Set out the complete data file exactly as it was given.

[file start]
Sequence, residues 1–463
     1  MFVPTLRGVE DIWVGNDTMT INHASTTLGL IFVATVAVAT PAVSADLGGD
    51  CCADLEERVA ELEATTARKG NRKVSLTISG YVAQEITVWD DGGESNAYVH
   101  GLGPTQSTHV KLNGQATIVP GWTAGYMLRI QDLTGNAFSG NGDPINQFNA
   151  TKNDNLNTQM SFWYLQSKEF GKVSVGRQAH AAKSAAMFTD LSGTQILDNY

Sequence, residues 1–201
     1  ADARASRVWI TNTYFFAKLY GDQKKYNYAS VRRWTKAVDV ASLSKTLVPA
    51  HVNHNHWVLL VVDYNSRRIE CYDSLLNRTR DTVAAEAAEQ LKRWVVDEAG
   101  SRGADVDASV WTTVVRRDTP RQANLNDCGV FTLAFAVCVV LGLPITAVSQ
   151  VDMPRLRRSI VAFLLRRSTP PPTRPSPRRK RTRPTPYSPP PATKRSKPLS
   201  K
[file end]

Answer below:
Sequence, residues 1–463
     1  MFVPTLRGVE DIWVGNDTMT INHASTTLGL IFVATVAVAT PAVSADLGGD
    51  CCADLEERVA ELEATTARKG NRKVSLTISG YVAQEITVWD DGGESNAYVH
   101  GLGPTQSTHV KLNGQATIVP GWTAGYMLRI QDLTGNAFSG NGDPINQFNA
   151  TKNDNLNTQM SFWYLQSKEF GKVSVGRQAH AAKSAAMFTD LSGTQILDNY

Sequence, residues 1–201
     1  ADARASRVWI TNTYFFAKLY GDQKKYNYAS VRRWTKAVDV ASLSKTLVPA
    51  HVNHNHWVLL VVDYNSRRIE CYDSLLNRTR DTVAAEAAEQ LKRWVVDEAG
   101  SRGADVDASV WTTVVRRDTP RQANLNDCGV FTLAFAVCVV LGLPITAVSQ
   151  VDMPRLRRSI VAFLLRRSTP PPTRPSPRRK RTRPTPYSPP PATKRSKPLS
   201  K